The super pack contains misoprostol, which helps stop women from excessive bleeding (the leading cause of maternal death in Nigeria), and chlorhexidine gel, to prevent umbilical cord infection in the newborn. The bag containing these items can also be used to carry baby things.

The interesting part is that Traffina Foundation partners with sponsors who pay for the kits so that the pregnant women may get them for free.

UNFPA also provides birthing kit at a subsidised rate of 3,000 Naira.

Given the fact that misoprostol and chlorhexidine are quite vital to the safety of the woman in labour and her newborn, it makes enough sense to budget for a super pack birth kit and not leave anything to chance. Therefore, a pregnant woman in any of the 6 LGAs quoted above will need 4,000 Naira budgeted for her.

It means that instead of 22 million Naira, the government should be looking at 694, 554 women of child bearing age, multiplied by 4,000 Naira, which gives 2,778,216,000 (two billion, 778 million, two hundred and sixteen thousand Naira).

The government can make an appropriate budget that covers a reasonable percentage of the total childbearing population if it bases its process on evidence. Anything short of that evidently amounts to underutilisation of the little money available to the government, and a continuous high rate of maternal and newborn mortality.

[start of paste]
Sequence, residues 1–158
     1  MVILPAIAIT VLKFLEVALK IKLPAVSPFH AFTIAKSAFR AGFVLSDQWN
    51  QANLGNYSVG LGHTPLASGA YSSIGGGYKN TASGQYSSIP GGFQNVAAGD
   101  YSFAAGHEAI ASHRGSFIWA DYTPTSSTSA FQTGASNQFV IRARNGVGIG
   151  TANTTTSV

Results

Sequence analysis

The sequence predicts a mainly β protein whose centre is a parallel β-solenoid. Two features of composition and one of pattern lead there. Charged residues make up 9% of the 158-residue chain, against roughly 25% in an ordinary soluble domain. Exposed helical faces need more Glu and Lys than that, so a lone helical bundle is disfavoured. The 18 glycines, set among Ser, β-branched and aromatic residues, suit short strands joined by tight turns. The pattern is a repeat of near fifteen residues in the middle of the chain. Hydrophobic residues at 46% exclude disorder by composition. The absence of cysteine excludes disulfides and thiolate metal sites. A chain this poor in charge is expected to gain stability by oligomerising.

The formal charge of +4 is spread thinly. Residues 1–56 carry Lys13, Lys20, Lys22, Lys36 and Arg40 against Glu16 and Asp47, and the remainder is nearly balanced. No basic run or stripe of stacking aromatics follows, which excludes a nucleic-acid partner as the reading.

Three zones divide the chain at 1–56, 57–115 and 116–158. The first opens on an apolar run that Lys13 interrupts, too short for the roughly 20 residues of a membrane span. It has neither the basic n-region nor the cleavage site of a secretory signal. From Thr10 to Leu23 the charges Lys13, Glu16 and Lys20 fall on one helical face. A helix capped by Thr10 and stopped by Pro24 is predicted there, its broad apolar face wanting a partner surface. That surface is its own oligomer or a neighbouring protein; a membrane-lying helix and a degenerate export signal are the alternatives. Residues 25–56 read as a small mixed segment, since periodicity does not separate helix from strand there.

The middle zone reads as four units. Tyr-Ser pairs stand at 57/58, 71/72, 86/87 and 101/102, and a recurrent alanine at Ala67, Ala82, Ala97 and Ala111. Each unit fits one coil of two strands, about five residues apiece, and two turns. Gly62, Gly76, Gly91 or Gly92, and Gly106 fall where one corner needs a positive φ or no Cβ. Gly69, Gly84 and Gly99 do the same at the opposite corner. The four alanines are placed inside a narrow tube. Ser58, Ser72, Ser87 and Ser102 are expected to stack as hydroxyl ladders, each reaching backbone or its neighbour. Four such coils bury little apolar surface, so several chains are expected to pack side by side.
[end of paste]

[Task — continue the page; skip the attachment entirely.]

The MamaYe budget tracking and analysis training, which was conducted in Bauchi for lawmakers and other stakeholders, was to help the government see such gaps as described above.

It was thus exciting to hear Mr. Abdullahi say during the radio show that the budget training was one that he learned from, which he said would inform the 2016 budgeting process.

Luckily for Bauchi State, the new government is cooperative and responsive. Supported by the MamaYe accountability mechanism and advocacy endeavours, the game has started changing. For instance, it is very unusual to get a live radio airtime for free, and the government’s representatives see MamaYe as a partner in progress.

With MamaYe’s intervention in Bauchi State, the media has come to terms with the reality that if maternal mortality must be reduced from 1,549/100,000, it (the media) must contribute to developing issues in the interest of the public.

Mr. Abdullahi also said during the radio engagement that with the revised 2015 budget, the health sector has received tremendous attention from the current government. He gave the governor's 5-point health agenda and the commitment to give 15% of the State’s budget to the health sector as examples of the government’s seriousness. He expressed optimism that the executive is also going to give priority to the health sector in its 2016 budget. The good news is that the optimism has yielded, the governor proposed 15%!

The MamaYe Bauchi State coordinator then touched on MamaYe’s support to the State Ministry of Health and its agencies on the use of their own evidences to develop their plans so that they could adequately address the real gaps in health budgeting. The result of that is the 15% that the governor has proposed!